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· Formerly SRV1
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4,726 Posts
Discussion Starter · #1 ·
I having a little problem that has been going on for about a 5 years off an on. In the winter time, I will have mosquitos in the house. They usually show up in the bathroom. Now just to let you know their is no leaking pipes or rotted wood. No plants in the house. Basement is dry as a popcorn fart. The only two places I can think of is the bathroom vent because all of the moisture in the vent when taking a shower or the overflow drain in the tub other than that I have no idea where they would be coming from. The plumbing is good and all the traps are there. Around the outside of the house is dry as well. No muddy areas or even plugged gutters. Anyone have any ideas?

James
 
G

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1. Do they bite?

2. Do they fly?

3. What is the temperature in the house?

Mosquitos only lay eggs in stagnant water and can"t fly in the cold.

Idea:

ELECTRIC BUG ZAPPER!

Fun for the whole family:)
 

· Formerly SRV1
Joined
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4,726 Posts
Discussion Starter · #4 ·
1. Do they bite?

2. Do they fly?

3. What is the temperature in the house?

Mosquitos only lay eggs in stagnant water and can"t fly in the cold.

Idea:

ELECTRIC BUG ZAPPER!

Fun for the whole family:)
Yes they are the females ones and the temperature is around 68. Not all mosquitos lay eggs in water. Some lay them in the mud or on plants.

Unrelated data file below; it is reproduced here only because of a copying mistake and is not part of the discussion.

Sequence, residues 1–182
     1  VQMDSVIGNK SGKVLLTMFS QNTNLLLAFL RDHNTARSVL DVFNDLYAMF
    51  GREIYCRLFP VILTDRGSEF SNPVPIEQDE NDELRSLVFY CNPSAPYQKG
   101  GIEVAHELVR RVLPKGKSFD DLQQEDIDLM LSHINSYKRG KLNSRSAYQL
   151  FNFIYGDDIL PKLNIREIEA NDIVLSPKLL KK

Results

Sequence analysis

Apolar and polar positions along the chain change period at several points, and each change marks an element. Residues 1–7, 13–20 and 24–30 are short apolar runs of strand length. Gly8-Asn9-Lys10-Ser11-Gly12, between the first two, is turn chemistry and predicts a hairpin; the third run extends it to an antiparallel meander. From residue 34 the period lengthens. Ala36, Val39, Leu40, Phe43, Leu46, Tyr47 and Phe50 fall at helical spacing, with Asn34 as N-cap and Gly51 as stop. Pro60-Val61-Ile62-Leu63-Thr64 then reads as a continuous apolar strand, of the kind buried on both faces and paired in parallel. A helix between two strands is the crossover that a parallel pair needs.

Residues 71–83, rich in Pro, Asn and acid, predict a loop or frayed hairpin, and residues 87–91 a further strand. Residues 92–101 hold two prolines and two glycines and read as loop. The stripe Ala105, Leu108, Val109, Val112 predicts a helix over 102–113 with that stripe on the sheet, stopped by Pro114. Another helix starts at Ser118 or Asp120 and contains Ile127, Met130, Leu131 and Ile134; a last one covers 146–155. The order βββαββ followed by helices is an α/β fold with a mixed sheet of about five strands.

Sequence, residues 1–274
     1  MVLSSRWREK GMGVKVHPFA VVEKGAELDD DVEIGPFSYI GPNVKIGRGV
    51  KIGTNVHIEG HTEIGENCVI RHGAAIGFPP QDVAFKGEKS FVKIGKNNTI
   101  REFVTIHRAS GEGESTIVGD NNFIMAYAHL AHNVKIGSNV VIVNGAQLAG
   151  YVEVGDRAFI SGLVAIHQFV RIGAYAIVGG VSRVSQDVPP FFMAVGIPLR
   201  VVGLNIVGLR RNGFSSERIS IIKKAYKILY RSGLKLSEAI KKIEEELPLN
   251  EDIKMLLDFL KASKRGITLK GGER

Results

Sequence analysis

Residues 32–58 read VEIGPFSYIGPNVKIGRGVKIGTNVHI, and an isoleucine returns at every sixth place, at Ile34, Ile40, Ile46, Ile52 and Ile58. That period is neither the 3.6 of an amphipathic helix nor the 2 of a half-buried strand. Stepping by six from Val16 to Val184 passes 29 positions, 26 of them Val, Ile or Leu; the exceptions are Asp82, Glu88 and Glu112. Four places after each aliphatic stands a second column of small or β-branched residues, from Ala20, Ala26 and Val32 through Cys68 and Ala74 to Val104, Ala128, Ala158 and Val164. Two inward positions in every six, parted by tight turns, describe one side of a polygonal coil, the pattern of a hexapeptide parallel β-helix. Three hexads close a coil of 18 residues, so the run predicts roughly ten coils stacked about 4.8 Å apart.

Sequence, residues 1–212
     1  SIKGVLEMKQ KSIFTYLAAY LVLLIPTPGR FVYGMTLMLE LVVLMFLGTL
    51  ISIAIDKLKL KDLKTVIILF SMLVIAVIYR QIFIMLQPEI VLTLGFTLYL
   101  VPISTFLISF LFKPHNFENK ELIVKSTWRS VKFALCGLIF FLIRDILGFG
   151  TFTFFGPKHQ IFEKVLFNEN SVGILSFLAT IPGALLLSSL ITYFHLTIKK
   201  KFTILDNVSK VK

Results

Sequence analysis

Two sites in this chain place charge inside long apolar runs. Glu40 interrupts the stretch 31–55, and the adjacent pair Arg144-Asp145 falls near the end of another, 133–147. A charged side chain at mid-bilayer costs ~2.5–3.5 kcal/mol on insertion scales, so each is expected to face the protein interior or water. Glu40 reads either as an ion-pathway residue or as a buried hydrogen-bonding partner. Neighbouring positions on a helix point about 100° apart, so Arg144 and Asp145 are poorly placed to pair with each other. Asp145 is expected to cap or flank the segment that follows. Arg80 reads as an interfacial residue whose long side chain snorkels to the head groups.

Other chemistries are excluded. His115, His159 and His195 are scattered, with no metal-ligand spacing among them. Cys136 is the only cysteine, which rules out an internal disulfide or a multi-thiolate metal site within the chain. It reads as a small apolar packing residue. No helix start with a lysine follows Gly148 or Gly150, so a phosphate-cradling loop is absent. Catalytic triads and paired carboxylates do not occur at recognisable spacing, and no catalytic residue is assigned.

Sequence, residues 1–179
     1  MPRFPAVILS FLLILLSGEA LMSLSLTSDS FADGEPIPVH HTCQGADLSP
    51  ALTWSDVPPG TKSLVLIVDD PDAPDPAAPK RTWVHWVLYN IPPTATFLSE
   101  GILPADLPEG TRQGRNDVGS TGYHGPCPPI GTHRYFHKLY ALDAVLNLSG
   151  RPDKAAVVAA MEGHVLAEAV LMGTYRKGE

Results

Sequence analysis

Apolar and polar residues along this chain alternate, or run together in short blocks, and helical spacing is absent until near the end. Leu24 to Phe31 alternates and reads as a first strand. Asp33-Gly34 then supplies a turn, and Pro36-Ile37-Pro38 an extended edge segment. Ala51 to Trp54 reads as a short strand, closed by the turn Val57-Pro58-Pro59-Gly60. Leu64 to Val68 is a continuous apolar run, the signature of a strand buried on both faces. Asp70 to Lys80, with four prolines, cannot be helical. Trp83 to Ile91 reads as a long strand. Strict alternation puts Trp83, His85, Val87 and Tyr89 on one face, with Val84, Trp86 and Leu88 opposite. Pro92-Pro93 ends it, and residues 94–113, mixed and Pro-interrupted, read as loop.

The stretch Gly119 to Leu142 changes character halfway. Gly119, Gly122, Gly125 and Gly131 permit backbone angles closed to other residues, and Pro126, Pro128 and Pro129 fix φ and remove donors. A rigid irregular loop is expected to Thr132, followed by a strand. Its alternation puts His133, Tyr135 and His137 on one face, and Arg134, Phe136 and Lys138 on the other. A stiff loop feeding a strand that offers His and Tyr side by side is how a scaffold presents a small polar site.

James
 
G

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Ok so you have no plants or mud in the house. So water is the logical source.


Are they in the house in the summer in the same area?

Do use well water or public?

Have you checked the back of the toilet?

Have you checked the overflow of the sink and toilet?

Thats all I have

Best of luck
 

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2,127 Posts
could they be coming from the drain?
Yes. I have the same problem. When they show up, I pour about an ounce of bleach down the drain. Kills larva and whatever other nasties might be down there. Check toilets that you dont use often too. I opened up the tank on one my toilets that never gets used except when we have guests last winter and could literally see the larva swimming around. The open sump pit in my basement is another breeding ground I contend with too.
 
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Most common sources at out house are the sump crocks in the basement.
Two or three drops of oil into each crock reduces the surface tension of the water so the larvae can't breath.
 

· Formerly SRV1
Joined
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4,726 Posts
Discussion Starter · #9 ·
All the plumbing is new. Bathroom was remodeled and they were there before the bathroom was remodeled. City water and septic is the setup and the septic is fine. The toilet does not sweat so it is not that. Like I said earlier, the only thing I can think of the overflow drain part of the tub and the bathroom vent. The drain from the tub itself would not be the issue since it gets used everyday and the eggs would be flushed down the drain. I have seen them in the summertime through the house but I just figured it was summertime and they get it from opening the doors but they are in groups in the winter and the summer their is a just a few in the house so I think it is a winter problem.

James
 
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